Why it’s difficult to select schemes from the balanced advantage MF category


After the Sebi-mandated recategorisation exercise, there are now primarily 10 categories of equity schemes and six categories of hybrid funds (where there is some exposure to direct equities). Now, while 15 of these categories have a well-defined allocation limit of equity and debt exposure levels, one category remains without any such mandate – balanced advantage funds.

Due to this, it becomes difficult to select funds from this category. If you want to invest in a balanced advantage fund, here is a look at how they are structured, why it is a difficult category to select a scheme from, and who this particular category will suit. But before we tell you all of this, here is why the category of a mutual fund scheme is important.

Importance of picking the right MF category
One should select an MF category based on their risk profile and goals. Other than the scheme’s consistency in generating long-term performance, while picking a specific category one needs to consider the equity and debt allocation, and its diversification across market capitalisations.

These two factors should be largely in-line with one’s risk profile and goals. A debt-heavy scheme may not suit an aggressive investor looking for growth over long-term and similarly a mid-cap heavy scheme may not suit an investor who doesn’t want volatility in returns. Choice of MF category, therefore, plays an important role in determining the investor’s portfolio return in sync with one’s goals.

What makes balanced advantage a difficult category?
The dynamic asset allocation fund or balanced advantage fund allows the fund manager to be either 100 percent in equities or 100 percent in debt or have a mix of both the asset classes. As can be seen in the table, in practice, the exposure level for say, equities ranges between 19.94 percent and 93.83 percent of the total assets.

BAMF

Further, even the market cap in case of equities, and the duration and ratings of underlying securities in case of debt investments has been kept open and undefined. “There is no clearly defined limit on equity, debt or derivative holding nor is anything stated on the kind of market cap segments to invest in. This makes dynamic asset allocation and balanced advantage difficult categories,” says Vidya Bala, Head of MF Research, FundsIndia

Is comparing simpler?
Post the recategorisation exercise, the fund houses had to either merge or rename existing schemes. Choosing one from the current lot of balanced advantage schemes may, therefore, poses problems. “Funds that were earlier in the same category may have some strategy track record to go by but funds that have just positioned themselves in these categories need to be watched to understand their style,” says Bala. Different balanced advantage schemes from fund houses can have different exposure levels in equities, even across market caps and even across debt investments. Due to this, they may generate varying performance and may not be strictly comparable.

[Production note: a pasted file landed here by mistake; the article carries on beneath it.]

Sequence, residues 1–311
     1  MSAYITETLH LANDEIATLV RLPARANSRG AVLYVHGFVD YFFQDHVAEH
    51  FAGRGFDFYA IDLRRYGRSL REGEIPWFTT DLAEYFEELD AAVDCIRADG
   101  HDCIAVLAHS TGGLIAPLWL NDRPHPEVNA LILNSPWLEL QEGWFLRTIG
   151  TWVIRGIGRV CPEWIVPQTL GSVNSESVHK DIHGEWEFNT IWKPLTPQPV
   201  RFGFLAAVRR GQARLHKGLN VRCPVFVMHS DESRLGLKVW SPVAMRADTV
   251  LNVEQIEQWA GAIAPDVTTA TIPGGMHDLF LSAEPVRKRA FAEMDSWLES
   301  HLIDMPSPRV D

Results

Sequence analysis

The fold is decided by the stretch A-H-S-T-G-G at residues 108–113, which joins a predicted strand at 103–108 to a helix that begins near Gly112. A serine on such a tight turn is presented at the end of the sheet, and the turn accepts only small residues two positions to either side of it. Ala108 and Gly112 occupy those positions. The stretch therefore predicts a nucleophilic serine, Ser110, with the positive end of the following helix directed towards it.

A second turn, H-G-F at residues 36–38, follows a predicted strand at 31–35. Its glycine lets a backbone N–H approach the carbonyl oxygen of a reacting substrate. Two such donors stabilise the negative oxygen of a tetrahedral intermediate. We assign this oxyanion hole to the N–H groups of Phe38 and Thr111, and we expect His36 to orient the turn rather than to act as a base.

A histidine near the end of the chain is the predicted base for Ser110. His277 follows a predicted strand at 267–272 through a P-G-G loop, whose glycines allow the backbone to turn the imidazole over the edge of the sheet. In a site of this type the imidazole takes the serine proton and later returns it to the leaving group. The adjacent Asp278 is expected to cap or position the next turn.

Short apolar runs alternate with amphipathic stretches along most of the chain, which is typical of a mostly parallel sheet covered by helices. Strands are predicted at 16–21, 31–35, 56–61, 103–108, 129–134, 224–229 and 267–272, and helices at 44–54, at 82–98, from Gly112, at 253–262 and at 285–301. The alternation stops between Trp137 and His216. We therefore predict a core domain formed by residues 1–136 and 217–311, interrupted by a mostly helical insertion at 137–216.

Investment horizon
Going by most of the fund houses’ documents, the investment objective of balanced advantage schemes is to capitalise on the potential upside in equity markets while attempting to limit the downside by dynamically managing the portfolio through investment in equity and equity-related instruments and active use of debt, money market instruments, and derivatives. Understandably, they are structured differently than balanced hybrid (40 to 60 percent in equities) or aggressive hybrid (40 to 60 percent in equities) and hence, they can manoeuvre between the two asset classes in extreme situations.

What to consider
The benchmark of the schemes within the balanced advantage category may throw some light about the scheme’s allocation pattern, unless the fund decides to digress from the mandate. While one scheme may have the BSE200 as its equity benchmark, another may be the Sensex. (See table).

Picking a scheme from this stable may be tricky. “Investors need to wait for the fund to build a track record to understand their style or go with funds that were already in this category even before SEBI‘s categories,” says Bala.

Should invest in these schemes?
At times, the valuation may appear too high for the fund houses while the interest rate scenario may not be in favour as well. Currently, most fund managers in such schemes are sitting on cash in double digits. “Going by the past style and strategy of balanced advantage funds, investors who cannot handle excessive volatility in equity and want to contain equity downsides better can consider this category if they have a 2-3 year time frame. For longer time frames, a regular equity fund is a better option to build wealth as longer holding helps handle volatility naturally, says Bala.



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